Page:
A 2004 twin study suggests a heritability of 0.81 for developing dependent personality disorder. Because of this, there is significant evidence that this disorder runs in families.[4]

Children and adolescents with a history of anxiety disorders and physical illnesses are more susceptible to acquiring this disorder.[18]

Millon's subtypes[edit]

Psychologist Theodore Millon identified five adult subtypes of dependent personality disorder.[19][20] Any individual dependent may exhibit none or one of the following:

Subtype Personality Traits
Disquieted dependent (Including avoidant features) Restlessly perturbed; disconcerted and fretful; feels dread and foreboding; apprehensively vulnerable to abandonment; lonely unless near supportive figures.
Selfless dependent (Including masochistic features) Merges with and immersed into another; is engulfed, enshrouded, absorbed, incorporated, willingly giving up own identity; becomes one with or an extension of another.
Immature dependent (Variant of "pure" pattern) Unsophisticated, half-grown, unversed, childlike; undeveloped, inexperienced, gullible, and unformed; incapable of assuming adult responsibilities.
Accommodating dependent (Including histrionic features) Gracious, neighborly, eager, benevolent, compliant, obliging, agreeable; denies disturbing feelings; adopts submissive and inferior role well.
Ineffectual dependent (Including schizoid features) Unproductive, gainless, incompetent, meritless; seeks untroubled life; refuses to deal with difficulties; untroubled by shortcomings.


The conceptualization of dependency, within classical psychoanalytic theory, is directly related to Sigmund Freud's oral psychosexual stage of development. Frustration or over-gratification was said to result in an oral fixation and in an oral type of character, characterized by feeling dependent on others for nurturing and by behaviors representative of the oral stage. Later psychoanalytic theories shifted the focus from a drive-based approach of dependency to the recognition of the importance of early relationships and establishing separation from these early caregivers, in which the exchanges between the caregiver and the child become internalized, and the nature of these interactions becomes part of the concepts of the self and of others.[11]


  1. ^ "Dependent Personality Disorder". www.mentalhealth.com. Archived from the original on 2015-02-16. Retrieved 2018-08-09.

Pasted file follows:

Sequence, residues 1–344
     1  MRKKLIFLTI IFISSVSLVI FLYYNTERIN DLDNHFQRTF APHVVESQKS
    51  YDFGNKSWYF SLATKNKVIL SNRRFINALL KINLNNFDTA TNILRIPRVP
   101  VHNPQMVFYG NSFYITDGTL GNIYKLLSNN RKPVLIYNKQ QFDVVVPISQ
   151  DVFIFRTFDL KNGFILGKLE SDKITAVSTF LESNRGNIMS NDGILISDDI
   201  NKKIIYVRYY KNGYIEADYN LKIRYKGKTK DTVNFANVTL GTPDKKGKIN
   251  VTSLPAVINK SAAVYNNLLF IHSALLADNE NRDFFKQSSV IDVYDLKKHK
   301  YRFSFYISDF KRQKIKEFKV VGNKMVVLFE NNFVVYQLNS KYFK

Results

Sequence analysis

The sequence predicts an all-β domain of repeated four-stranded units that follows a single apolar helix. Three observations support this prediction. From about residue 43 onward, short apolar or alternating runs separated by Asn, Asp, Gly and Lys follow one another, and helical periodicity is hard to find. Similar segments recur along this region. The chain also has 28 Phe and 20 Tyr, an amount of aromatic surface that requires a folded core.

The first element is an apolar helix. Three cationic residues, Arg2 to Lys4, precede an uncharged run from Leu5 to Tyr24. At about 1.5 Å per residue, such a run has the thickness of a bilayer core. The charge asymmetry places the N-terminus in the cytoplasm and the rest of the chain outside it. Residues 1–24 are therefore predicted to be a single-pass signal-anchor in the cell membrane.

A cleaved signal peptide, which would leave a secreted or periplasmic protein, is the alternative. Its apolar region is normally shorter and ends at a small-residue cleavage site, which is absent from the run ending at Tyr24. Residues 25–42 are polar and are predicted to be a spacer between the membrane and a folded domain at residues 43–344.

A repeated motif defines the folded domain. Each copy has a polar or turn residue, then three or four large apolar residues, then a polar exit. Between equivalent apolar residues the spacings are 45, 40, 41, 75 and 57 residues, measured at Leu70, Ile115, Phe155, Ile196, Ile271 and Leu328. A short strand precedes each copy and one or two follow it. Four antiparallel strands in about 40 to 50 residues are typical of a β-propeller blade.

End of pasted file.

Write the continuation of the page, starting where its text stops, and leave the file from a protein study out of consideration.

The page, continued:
2. ^ "What are Cluster C Personality Disorders? - Online Psychology Degree Guide". Online Psychology Degree Guide. Archived from the original on 2018-08-09. Retrieved 2018-08-09.
  3. ^ a b Beitz, Kendra; Bornstein, Robert F. (2006). "Dependent Personality Disorder". In Fisher, Jane E.; O’Donohue, William T. (eds.). Practitioner's Guide to Evidence-Based Psychotherapy. Boston, Massachusetts: Springer. pp. 230–237. doi:10.1007/978-0-387-28370-8_22. ISBN 978-0-387-28369-2. S2CID 142569348.
  4. ^ a b Coolidge, F.L.; Thede, L.; Jang, K.L. (2 December 2013). Are personality disorders psychological manifestations of executive function deficits? Bivariate heritability evidence from a twin study. Behavior Genetics (2004), pp. 34, 75-84, cited in Nolan-Hoeksema, Abnormal Psychology (6th. ed.), pp. 273, McGraw Hill Education (2014). McGraw-Hill Education. ISBN 978-0-07-803538-8.
  5. ^ Sederer, Lloyd I. (2009). Blueprints psychiatry (5th ed.). Philadelphia, Pennsylvania: Wolters Kluwer/Lippincott Williams & Wilkins. p. 30. ISBN 9780781782531. Archived from the original on 2018-09-15. Retrieved 2019-01-31.
  6. ^ Gjerde et al. 2012.
  7. ^ Klonsky, E. David; Jane, J. Serrita; Turkheimer, Eric; Oltmanns, Thomas F. (November 2002). "Gender Role and Personality Disorders". Journal of Personality Disorders. 16 (5). New York City: Guilford Press: 464–476. doi:10.1521/pedi.16.5.464.22121. PMC 4364134.
  8. ^ a b c Simonelli, Alessandra; Parolin, Micol (2017). "Dependent Personality Disorder". Encyclopedia of Personality and Individual Differences. Springer, Cham. pp. 1–11. doi:10.1007/978-3-319-28099-8_578-1. ISBN 978-3-319-28099-8. S2CID 202238251.
  9. ^ Beitz, Kendra; Bornstein, Robert F. (2006). "Dependent Personality Disorder". Practitioner's Guide to Evidence-Based Psychotherapy. Springer, Boston, MA. pp. 230–237. doi:10.1007/978-0-387-28370-8_22. ISBN 978-0387283692. S2CID 142569348.
  10. ^ "Dependent Personality Disorder". Archived from the original on 2015-02-10. Retrieved 2019-01-31.
  11. ^ a b c d e f g h i j k l Simonelli, Alessandra; Parolin, Micol (2017). "Dependent Personality Disorder". Encyclopedia of Personality and Individual Differences. Springer, Cham. pp. 1–11. doi:10.1007/978-3-319-28099-8_578-1. ISBN 978-3-319-28099-8. S2CID 202238251.
  12. ^ American Psychiatric Association. (2013). Diagnostic and statistical manual of mental disorders (5th ed.). Washington, DC: Author.
  13. ^ Clark, Lee Anna (2007). "Assessment and Diagnosis of Personality Disorder: Perennial Issues and an Emerging Reconceptualization". Annual Review of Psychology. 58 (1). San Mateo, California: Annual Reviews: 227–257. doi:10.1146/annurev.psych.57.102904.190200. ISSN 0066-4308. PMID 16903806. S2CID 2728977.
  14. ^ Dependent personality disorder - International Statistical Classification of Diseases and Related Health Problems 10th Revision (ICD-10) Archived 2006-04-27 at the Wayback Machine
  15. ^ Murphy, Michael; Cowan, Ronald (2009). Blueprints Psychiatry. Philadelphia, Pennsylvania: Lippincott Williams & Wilkins. ISBN 978-0781782531. Archived from the original on 2018-12-17. Retrieved 2019-01-31.
  16. ^ a b Goldberg, Joseph. "Dependent Personality Disorder". WebMD. Archived from the original on 2018-08-10. Retrieved 2019-01-31.
  17. ^ Beitz, Kendra (2006). "Dependent Personality Disorder". Practitioner's Guide to Evidence-Based Psychotherapy. Boston, Massachusetts: Springer. pp. 230–237. doi:10.1007/978-0-387-28370-8_22. ISBN 978-0-387-28369-2. S2CID 142569348.
  18. ^ Nolen-Hoeksema, Susan (2014). Abnormal Psychology (6th ed.). McGraw Hill Education. ISBN 978-0-07-803538-8.
  19. ^ Millon et al. 2004, p. 290.
  20. ^ Millon 2006.


External links[edit]